A photo of Tam Duong's family during Lunar New Year in the early 1990s. Tam, on the right in the red dress, is from Los Angeles and now lives in Boston. Her parents are from Vietnam and Duong says she was confused as to why Santa never came to their home.

A photo of Tam Duong's family during Lunar New Year in the early 1990s. Tam, on the right in the red dress, is from Los Angeles and now lives in Boston. Her parents are from Vietnam and Duong says she was confused as to why Santa never came to their home.

Credit:

Courtesy of Tam Duong

Every year the same question crops up to a growing handful of us who are the children of non-Judeo-Christian immigrants: "Do you celebrate Christmas?"

It's a tricky question. Christmas is unavoidable and usually less about Jesus's birthday than the fact that many of us have days off and a hankering for hot cocoa and Bing Crosby.

Yet co-workers, friends and teachers tread lightly around us, hesitant to send us Christmas cards or hand us a candy cane. They safely wish us a "Happy Holiday" rather than the usual "Merry Christmas."

In his new book, "No Land's Man: A Perilous Journey through Romance, Islam, and Brunch," comedian Aasif Mandvi talks about his fish-out-of-water experiences with the holiday. He grew up in an Indian Muslim household in the UK and then moved to Florida as a teenager.

And Christmas celebrations on two different continents brought their own surprises for The Daily Show correspondent.

"I don’t think my parents really knew how to celebrate Christmas when we first got to the UK," he says. The holiday was mostly about giving each other gifts, but there was a logistical problem. "We didn’t have a Christmas tree for like the first ten years ... my parents would just hide gifts behind the sofa."

As for the religious angle, the birth of Jesus Christ, "[My parents] kind of rationalized this ... like, 'Jesus is in the Koran, so probably it's okay to celebrate his birth'"

aasif_bookcover

The Daily Show's Aasif Mandvi's first book about his hilarious immigrant experience.

Credit:

Courtesy of Chronicle Books

 

After the family relocated to Florida, Mandvi says he realized Christmas was "on steroids" in the US. But his family still kept with tradition, even when wallets were thin.

"When we first came to America, my parents didn’t have a lot of money and they were sort of struggling for a while," he says. "That first Christmas they couldn’t really buy us a lot of gifts. This sounds very sort of Dickensian, but my dad got us each one gift. And then, in order to pad it out, he wrapped other things in Christmas wrapping."

One of the randomly wrapped items was a bottle of Planter's peanuts. "It was a little bit of a joke, but ... also because they didn’t really have a lot," Mandvi says, "So now, in our home, every year one of the gifts is a wrapped up bottle of Planter’s peanuts."

At the other end of the spectrum, Tam Duong's family simply didn't do Christmas at all.

The 27-year-old attended elementary school in Los Angles and lived in a mostly Latino neighborhood. She learned about Santa, Rudolph and the Three Wise Men at school and came home to consult her Vietnamese Buddhist parents.

"When I came home and tried to talk to my family about [Christmas] they had no idea what I was talking about," she says. "They said it was just a holiday for Americans and we’re a Vietnamese family and Vietnamese people don’t usually celebrate Christmas."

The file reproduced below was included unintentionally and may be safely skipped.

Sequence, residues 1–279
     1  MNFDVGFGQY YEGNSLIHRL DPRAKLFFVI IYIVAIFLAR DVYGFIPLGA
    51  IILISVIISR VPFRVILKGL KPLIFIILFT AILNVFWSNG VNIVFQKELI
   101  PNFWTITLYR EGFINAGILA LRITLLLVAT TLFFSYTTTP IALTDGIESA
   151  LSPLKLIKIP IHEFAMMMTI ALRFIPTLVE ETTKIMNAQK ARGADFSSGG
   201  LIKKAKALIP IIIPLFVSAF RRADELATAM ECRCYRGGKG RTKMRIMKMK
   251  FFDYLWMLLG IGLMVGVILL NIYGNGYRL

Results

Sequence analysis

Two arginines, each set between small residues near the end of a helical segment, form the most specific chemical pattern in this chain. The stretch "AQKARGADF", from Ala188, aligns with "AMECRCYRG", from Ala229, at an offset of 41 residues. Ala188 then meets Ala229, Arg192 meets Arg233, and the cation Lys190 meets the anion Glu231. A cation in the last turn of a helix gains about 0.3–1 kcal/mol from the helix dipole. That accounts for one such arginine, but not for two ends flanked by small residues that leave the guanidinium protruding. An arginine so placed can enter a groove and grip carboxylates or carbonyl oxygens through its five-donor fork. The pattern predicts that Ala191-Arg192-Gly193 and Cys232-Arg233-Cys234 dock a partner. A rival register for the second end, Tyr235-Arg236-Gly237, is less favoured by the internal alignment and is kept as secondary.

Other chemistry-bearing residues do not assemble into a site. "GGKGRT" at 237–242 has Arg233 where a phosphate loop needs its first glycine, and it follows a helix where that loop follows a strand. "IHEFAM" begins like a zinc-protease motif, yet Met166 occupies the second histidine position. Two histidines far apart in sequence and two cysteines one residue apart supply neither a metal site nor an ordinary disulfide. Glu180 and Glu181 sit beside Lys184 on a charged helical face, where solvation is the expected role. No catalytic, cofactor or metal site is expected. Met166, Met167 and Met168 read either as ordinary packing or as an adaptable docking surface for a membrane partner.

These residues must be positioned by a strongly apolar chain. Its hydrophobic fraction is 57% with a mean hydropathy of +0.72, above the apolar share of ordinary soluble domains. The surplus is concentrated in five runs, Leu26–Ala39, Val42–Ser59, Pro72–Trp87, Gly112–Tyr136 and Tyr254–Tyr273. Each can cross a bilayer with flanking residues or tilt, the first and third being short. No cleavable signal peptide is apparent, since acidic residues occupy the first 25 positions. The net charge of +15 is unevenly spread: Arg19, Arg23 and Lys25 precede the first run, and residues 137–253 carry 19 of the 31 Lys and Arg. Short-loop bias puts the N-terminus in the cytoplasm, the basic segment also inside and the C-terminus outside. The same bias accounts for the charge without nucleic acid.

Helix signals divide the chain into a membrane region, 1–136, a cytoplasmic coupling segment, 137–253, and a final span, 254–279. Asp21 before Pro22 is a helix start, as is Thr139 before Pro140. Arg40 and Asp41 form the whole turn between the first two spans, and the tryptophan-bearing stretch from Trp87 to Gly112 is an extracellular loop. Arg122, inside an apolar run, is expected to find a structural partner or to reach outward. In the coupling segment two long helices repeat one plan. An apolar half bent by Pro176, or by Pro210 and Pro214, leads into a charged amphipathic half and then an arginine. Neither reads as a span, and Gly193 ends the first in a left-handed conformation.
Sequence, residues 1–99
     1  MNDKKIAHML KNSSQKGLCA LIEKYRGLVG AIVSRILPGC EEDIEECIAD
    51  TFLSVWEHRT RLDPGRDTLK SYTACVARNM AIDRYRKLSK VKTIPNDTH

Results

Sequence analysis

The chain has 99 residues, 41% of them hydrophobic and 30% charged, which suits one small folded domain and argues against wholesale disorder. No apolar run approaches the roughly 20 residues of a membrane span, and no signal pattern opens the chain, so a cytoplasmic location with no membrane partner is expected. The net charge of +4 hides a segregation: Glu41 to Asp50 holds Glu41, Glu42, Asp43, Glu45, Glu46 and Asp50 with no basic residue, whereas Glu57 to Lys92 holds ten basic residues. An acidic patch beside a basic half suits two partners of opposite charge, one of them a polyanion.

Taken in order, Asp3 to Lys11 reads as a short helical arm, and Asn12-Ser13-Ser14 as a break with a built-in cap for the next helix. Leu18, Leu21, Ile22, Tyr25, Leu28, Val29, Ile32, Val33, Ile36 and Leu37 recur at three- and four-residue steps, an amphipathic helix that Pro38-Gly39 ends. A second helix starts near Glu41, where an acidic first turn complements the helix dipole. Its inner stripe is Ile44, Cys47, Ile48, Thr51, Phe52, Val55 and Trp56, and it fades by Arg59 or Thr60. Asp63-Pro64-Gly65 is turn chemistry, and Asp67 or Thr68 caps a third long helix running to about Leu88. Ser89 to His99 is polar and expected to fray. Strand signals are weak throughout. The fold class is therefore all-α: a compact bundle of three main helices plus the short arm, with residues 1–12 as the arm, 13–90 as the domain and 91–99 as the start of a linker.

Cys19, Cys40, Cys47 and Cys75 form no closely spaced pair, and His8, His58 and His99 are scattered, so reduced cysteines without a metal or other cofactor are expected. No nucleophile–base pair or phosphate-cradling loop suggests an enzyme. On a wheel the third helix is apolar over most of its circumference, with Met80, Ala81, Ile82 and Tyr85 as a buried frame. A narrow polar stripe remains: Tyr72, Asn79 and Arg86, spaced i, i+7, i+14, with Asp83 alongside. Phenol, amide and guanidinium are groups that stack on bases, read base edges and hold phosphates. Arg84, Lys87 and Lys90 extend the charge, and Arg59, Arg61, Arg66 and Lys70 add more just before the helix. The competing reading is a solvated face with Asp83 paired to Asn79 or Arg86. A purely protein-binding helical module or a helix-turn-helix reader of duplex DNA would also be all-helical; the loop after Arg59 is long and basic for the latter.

But Duong, who now lives in Boston, says she was persistent. "I did write letters to Santa, I just never got a response," she remembers. "When I was little, I used to put out cookies and milk thinking that Santa would come and that [gesture] would bring me presents, but Santa never came and my mom would get angry because she said leaving out cookies like that will attract ants."

Growing up in a country that celebrates Christmas rather than the lunar New Year, Eid or Diwali means that immigrants families adjust their rhythms. If nothing else, major non-Christian holidays don't mesh well with the standard US federal calendar. And while there's a push to get public schools to recognize Eid in some states, it's still rare. 

Manvi says when he wasn't with his family during the Muslim holiday of Eid, he didn't really celebrate much. "Eid is something that, for many years, my parents would call and be like, ‘Hey, it’s Eid tomorrow,'" he says. "I would celebrate just by virtually a phone call."

And Duong says that while some teachers allowed her to take time off to celebrate the lunar New Year, the make up work was a hassle. "I think schools could do a better job of acknowledging that their student population is diverse and not to assume that everyone celebrates Christmas," she says,.

The good news is that Christmas can be a learning experience. My own family embraced — and embellishes — the holiday, even after my sister and I came home from school with stories about a jolly, obese man who breaks into your home with good intentions. One Christmas, my father even dusted the bottom of his shoes with baby powder and marched around our living room carpet, leaving us all bewildered by the odd-smelling evidence.

"I think [my parents] want to celebrate Christmas, but they don’t know how," Duong says, "So they wait for [me and my fiancé] to come home and do something with them. We just cook a big dinner, and we’ll buy them little gifts and try to bring Christmas to them in a way."

In a way, our immigrant parents learn more about the US when we inundate them with candy canes and carols. So, at least until we get a week off for fireworks on Diwali, we'll make the most of our time off on Christmas. 

A previous version of this story misspelled Tam Duong's name.

What about you? What traditions have you created with your immigrant family? Tell us in the comments below!

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